Oman has reopened its land borders with neighboring countries to citizens and residents traveling to or from the sultanate, the Ministry of Health said Thursday, some eight months after the borders were closed to fight the spread of COVID-19.
“The borders are open with neighboring countries and travel is allowed for Omanis and residents, and they must adhere to the announced procedures when travelling and upon returning to the Sultanate,” Health Minister Ahmed Al Saidi said during a press conference.
Airports in Oman resumed international flights on Oct 1. The Gulf country’s land borders have been closed to international travel since March 16, but were open for trade and the delivery of medical supplies.
Travelers must obtain a negative coronavirus test no more than 96 hours before arrival. Upon arriving, they are required to take another test and undergo a seven-day quarantine, followed by a third test on the eighth day.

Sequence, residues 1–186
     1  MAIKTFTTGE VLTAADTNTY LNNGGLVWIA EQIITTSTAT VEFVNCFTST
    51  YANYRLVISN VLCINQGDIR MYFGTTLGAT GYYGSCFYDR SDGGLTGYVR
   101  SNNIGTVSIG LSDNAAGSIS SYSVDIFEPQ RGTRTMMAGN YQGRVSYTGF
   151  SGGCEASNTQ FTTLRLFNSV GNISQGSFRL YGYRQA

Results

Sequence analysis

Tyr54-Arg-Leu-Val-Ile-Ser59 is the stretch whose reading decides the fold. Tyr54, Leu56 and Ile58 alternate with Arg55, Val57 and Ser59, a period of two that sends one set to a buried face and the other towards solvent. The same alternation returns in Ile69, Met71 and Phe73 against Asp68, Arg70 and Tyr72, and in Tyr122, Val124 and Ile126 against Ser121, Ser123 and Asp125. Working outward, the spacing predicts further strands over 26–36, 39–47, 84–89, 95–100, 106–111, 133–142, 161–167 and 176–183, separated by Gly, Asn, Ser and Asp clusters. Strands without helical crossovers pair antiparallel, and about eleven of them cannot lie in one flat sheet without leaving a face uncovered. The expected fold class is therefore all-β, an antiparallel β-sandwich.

After reaching 100,000 cases in early October, authorities in Oman imposed a two-week-long nighttime curfew to stave off an uptick in COVID-19 infections. But Oman’s daily caseload is now on the decline.
The Health Ministry reported only 35 new cases on Thursday, down from 1,000-plus per day in October. The country’s total number of infections since February now stands at 119,442, with 1,326 deaths.
The country will also reopen a number of mosques for public prayers on Sunday. Under the new rules, about 3,000 mosques can open their doors for 25 minutes for each of the five daily prayers. Friday prayers are still barred until further notice, and children and elderly worshippers are not permitted entry.